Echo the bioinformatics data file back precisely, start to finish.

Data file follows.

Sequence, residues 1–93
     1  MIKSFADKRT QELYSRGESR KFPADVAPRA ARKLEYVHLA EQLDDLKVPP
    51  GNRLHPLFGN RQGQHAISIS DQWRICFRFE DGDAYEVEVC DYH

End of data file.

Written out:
Sequence, residues 1–93
     1  MIKSFADKRT QELYSRGESR KFPADVAPRA ARKLEYVHLA EQLDDLKVPP
    51  GNRLHPLFGN RQGQHAISIS DQWRICFRFE DGDAYEVEVC DYH